When Hubby and I were first dating I would endure football. I would come over to his parent's house and sit with them to watch the Sunday football games with my best I'm-totally-interested-in-this face. Once we had been together a few years, I slowly began to focus less of my attention on trying to understand the game, and more of it on watching the clock count down.
Pathetic, I know.
The Pro Football Hall of Fame was always on Hubby's list of places he wanted to go. Like most of Ohio though, Canton, Ohio has pretty much nothing else of note.* Since we were already driving ridiculously far away from our home through the most boring western Pennsylvanian expanse of land, we decided this was the best time to go there.
*Note: If you're into rock and roll, the Rock and Roll Hall of Fame and Museum is an hour away.
Second Stop: Pro Football Hall of Fame
Jonathan shares my sentiments towards football, though bless his heart, he always acts extremely interested for about 1.428798 minutes at the start of the game.
The museum can be enjoyed in about three hours--depending if you're one who likes to mosey around reading all the information about every single display, like Hubby. They also have a theater with Super Bowl highlights which we didn't watch. The video there is about an hour long.
After only ten minutes, I was already getting these sort of looks from Jonathan...
He had been warned though. His attitude at the Football Museum would reflect the fun we had later that night.
Fortunately, the museum had a few interactive displays...
and Jonathan perked right up.
There were even some displays that caught my interest.
Of course we see football players with varied weights, but never such varied heights. The shortest man to ever play professional football was Jack Shapiro at 5' 1/2". The tallest man was Richard Sligh at 7'.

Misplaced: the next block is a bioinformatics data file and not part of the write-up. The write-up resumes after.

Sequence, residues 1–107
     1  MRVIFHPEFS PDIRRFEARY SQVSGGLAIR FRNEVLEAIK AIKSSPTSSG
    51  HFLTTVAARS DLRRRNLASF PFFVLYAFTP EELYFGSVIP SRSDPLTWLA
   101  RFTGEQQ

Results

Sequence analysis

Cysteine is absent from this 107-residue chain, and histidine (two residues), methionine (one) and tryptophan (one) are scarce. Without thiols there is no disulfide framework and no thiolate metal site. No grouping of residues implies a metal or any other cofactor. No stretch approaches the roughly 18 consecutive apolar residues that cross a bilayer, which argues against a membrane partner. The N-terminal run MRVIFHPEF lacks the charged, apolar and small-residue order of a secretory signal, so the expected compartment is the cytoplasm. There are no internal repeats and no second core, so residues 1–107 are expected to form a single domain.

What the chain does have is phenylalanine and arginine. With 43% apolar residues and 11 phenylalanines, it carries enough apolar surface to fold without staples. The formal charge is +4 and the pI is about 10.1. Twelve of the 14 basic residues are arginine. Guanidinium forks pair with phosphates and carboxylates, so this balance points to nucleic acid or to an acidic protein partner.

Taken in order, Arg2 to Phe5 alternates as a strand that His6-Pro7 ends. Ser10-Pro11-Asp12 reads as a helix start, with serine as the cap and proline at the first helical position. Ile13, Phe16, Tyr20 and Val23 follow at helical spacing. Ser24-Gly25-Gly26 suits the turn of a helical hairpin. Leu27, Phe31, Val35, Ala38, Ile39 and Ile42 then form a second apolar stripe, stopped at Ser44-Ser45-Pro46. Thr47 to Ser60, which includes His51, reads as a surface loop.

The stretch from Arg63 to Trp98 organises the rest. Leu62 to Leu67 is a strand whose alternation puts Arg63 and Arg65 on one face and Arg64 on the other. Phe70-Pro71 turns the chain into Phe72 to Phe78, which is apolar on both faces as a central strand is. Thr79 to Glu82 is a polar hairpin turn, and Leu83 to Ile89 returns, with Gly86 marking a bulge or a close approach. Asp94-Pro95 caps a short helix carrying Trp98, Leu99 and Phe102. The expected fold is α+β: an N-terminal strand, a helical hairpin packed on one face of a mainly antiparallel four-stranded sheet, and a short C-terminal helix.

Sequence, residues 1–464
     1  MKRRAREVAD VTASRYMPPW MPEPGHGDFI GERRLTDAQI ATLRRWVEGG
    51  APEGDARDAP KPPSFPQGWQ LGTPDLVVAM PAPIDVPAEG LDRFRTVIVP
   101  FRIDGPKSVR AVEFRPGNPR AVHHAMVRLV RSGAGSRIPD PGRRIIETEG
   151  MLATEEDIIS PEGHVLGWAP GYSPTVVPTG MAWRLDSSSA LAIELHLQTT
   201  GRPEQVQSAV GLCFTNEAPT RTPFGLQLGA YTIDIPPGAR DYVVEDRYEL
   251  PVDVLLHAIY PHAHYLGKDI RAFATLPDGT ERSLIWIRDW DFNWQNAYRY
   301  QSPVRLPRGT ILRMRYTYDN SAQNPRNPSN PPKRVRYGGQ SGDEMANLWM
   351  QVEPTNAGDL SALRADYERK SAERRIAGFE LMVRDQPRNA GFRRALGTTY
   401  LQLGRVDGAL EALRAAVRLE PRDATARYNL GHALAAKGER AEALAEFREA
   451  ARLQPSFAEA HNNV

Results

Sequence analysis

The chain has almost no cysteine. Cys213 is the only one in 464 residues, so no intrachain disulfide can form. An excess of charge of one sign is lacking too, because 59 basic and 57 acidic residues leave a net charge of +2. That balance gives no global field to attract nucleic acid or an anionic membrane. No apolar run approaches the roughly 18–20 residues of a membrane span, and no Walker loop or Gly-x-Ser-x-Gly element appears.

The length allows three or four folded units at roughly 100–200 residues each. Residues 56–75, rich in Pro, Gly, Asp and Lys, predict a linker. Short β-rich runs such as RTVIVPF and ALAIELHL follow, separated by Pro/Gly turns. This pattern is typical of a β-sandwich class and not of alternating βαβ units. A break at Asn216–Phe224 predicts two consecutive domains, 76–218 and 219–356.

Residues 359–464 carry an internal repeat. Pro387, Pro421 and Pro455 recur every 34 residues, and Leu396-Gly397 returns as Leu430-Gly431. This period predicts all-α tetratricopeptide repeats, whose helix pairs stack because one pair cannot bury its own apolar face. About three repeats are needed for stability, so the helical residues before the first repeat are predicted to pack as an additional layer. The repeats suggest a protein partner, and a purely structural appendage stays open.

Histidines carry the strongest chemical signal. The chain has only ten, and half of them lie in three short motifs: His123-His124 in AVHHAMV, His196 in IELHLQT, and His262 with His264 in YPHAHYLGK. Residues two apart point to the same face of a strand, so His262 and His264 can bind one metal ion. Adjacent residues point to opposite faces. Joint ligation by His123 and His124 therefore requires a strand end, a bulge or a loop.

I could tell Jonathan was reaching his max when he would look at me and say, "What's next?"
For Hubby's sake, we pressed on.
The Hall of Heads, as I like to call it, was awe inspiring. Not really knowing who any of the heads were, I found myself more interested in the art and perfection of their busts than anything else.
This closeup of Dan Marino is for my mother and father-in-law:
There was a glassed section after the hall of heads with displays of locker items of several retired football players.
This one was my favorite:
Curtis Martin read this passage in the book of Deuteronomy before every game.
How might this look painted on my foyer wall?
It would certainly be a conversation piece.
As someone who is not a football fan, I will admit the Football Hall of Fame was not a painful experience. However, if I was forced to stay much longer it might have been.
My absolute favorite part was the final room dedicated to the artwork of Ernie Barnes, a football player turned artist.
My favorite piece was titled "Sunday's Gladiators":
If you plan a trip to the Pro Football Hall of Fame, keep a few things in mind.
1. The location--I'm not kidding around when I say there isn't a whole lot to do in the area. Of course, this comes from a woman with shopper's blood. When I say there isn't anything to do, I mean the shopping is limited. If you are into art there is the Canton Museum of Art. If you are into history there is the William McKinley Presidential Library and Museum. And, William McKinley's tomb.
2. The cost--For Jonathan and myself, the $23 entry fee was ridiculous, that's why I made sure to pay for his out of my own pocket. For someone who really loves football, I don't see it as a horrible price. It all depends on the value that such sights hold for you.